•    LIC and Greenpoint   

    Long Island City

    Transferring itself is not the source of my complaints; that toxic wellspring is the waiting. I would rather not be in this train, waiting for it to move. Even in my office, as I sift through the real estate market statistics and prepare investment recommendations, I am waiting for more statistics to come in. My black suit solidifies on me into a stiff shape as I sit and write and wait. So being asked to do some financial field-work – even if it is just visiting a client – actually enlivened me today, and the extra transfer from the E to the G train here at Court Square was an interesting experience in and of itself. The long walkway is being renovated, but it remains well-lit and adorned with a mosaic of unraveling, orange branches. Only now there is the waiting.

    Apparently, Court Square is the northern terminus of the G, so it must stand here for at least ten minutes until another train arrives to take its place. Another transferring occurs, but this time one of roles. These are simple roles – the trains will simply exchange functions of motion and stagnation – but I see the greater urban shifts going on where I usually get onto the G in the south. For at Hoyt-Schemeron, the link to my bank via the A, I see more and more well-dressed blacks headed to their own offices, and I fear that their influence might impede our expansionary policies.

    Certainly I sympathize with those in poorer neighborhoods who dream of modern apartment buildings, and certainly I, an appreciator of art, am not that avaricious banker expounded by the media, but I do need to seek the profit. I found it here in Long Island City; skyscrapers have risen and warehouses been transformed into flats here, and they in turn have begotten parks, which in turn improve the community. The industrial complexes that once polluted Long Island City have evolved into cultural – and profitable – districts because of our development.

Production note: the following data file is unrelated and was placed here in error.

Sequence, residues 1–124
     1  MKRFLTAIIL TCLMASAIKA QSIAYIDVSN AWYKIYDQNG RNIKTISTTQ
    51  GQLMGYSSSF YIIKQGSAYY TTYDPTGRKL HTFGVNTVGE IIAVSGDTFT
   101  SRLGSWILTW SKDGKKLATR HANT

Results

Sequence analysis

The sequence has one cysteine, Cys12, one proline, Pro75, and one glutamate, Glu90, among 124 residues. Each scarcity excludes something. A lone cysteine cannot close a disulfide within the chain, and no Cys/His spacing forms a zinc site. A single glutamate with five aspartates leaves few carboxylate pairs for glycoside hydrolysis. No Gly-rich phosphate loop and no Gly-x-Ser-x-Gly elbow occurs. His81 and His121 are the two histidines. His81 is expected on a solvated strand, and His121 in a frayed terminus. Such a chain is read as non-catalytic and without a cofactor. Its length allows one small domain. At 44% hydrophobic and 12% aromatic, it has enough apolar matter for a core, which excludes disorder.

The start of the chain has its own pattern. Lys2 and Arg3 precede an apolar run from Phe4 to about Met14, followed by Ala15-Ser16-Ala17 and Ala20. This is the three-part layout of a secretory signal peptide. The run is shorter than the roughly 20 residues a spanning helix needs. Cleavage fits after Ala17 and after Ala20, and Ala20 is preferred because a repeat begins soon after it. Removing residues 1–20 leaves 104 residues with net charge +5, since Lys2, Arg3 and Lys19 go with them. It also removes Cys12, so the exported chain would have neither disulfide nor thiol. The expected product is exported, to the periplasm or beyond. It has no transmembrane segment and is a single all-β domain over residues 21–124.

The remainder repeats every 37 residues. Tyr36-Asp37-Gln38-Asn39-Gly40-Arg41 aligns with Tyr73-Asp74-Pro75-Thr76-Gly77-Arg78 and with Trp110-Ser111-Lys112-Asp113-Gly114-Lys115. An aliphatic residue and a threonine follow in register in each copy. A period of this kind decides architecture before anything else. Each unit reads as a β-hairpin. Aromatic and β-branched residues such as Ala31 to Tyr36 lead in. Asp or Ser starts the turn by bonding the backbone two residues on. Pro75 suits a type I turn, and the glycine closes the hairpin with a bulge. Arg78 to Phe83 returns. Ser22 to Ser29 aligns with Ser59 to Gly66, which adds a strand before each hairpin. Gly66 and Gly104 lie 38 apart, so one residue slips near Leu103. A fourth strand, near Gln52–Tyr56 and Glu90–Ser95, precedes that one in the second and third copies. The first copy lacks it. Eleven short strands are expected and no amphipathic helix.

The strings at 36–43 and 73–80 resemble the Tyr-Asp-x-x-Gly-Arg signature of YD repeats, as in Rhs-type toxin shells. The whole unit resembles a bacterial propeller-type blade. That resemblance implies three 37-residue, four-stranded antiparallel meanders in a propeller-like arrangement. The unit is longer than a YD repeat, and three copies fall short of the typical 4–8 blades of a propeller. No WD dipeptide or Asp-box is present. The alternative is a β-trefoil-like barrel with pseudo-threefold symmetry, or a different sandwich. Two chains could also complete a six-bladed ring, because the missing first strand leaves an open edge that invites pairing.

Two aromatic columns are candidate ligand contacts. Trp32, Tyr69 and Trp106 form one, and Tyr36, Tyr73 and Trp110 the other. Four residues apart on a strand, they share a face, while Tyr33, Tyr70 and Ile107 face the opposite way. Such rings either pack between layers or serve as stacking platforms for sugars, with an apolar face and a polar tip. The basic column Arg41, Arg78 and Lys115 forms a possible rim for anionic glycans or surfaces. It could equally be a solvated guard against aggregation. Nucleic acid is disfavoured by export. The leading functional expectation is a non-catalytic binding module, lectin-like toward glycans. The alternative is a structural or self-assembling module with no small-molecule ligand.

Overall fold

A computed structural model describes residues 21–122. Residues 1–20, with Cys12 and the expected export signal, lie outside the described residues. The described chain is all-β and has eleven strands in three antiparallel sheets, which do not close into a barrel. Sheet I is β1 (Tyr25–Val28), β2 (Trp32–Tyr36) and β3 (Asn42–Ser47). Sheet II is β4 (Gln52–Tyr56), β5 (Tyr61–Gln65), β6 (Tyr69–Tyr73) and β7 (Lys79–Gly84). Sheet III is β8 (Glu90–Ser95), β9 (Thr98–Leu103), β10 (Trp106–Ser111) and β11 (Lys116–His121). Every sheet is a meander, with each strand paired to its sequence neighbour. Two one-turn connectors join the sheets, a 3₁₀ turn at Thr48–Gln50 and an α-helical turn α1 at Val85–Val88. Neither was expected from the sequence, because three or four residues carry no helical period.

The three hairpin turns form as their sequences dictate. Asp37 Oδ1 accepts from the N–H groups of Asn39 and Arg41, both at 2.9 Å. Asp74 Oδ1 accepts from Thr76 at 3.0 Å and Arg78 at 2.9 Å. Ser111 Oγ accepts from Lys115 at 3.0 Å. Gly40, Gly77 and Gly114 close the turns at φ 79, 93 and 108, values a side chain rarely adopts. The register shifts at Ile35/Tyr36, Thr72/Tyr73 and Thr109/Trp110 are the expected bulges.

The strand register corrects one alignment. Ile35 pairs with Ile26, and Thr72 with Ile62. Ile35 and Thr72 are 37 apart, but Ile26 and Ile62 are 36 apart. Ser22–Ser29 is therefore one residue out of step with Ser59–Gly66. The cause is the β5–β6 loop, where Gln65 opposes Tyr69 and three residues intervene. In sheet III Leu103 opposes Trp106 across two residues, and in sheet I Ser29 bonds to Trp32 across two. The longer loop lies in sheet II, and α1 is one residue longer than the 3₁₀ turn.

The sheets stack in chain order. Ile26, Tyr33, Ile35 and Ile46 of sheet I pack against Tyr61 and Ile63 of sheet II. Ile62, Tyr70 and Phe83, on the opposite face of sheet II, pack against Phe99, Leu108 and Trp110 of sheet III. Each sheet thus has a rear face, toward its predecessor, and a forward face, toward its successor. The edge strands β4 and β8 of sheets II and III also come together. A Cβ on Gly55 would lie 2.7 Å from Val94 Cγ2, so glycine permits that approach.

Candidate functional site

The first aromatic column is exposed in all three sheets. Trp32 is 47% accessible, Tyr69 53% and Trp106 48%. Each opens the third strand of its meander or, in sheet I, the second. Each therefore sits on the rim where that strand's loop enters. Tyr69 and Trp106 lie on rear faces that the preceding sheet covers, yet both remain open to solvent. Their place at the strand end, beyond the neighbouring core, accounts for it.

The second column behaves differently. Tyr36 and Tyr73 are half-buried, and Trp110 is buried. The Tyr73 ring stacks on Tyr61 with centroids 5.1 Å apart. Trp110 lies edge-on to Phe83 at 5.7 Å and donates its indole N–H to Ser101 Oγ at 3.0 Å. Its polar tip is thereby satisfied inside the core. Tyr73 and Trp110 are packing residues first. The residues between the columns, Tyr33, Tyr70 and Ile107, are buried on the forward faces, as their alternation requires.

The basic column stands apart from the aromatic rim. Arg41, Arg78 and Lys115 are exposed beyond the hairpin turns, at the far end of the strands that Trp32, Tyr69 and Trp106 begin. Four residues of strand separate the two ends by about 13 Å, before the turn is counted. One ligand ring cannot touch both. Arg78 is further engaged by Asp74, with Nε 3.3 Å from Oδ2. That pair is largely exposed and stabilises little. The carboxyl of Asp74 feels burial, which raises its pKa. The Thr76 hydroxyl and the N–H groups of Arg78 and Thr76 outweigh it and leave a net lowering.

And there is the other G train; mine should depart shortly. I recognize the language humming in the air; one of my coworkers sometimes shouts in Polish into the telephone so that we will not understand him. These Polish commuters are all undoubtedly coming from Greenpoint, just two stops from here on the G. That neighborhood too was once an industrial relic…

    Analysis: LIC and Greenpoint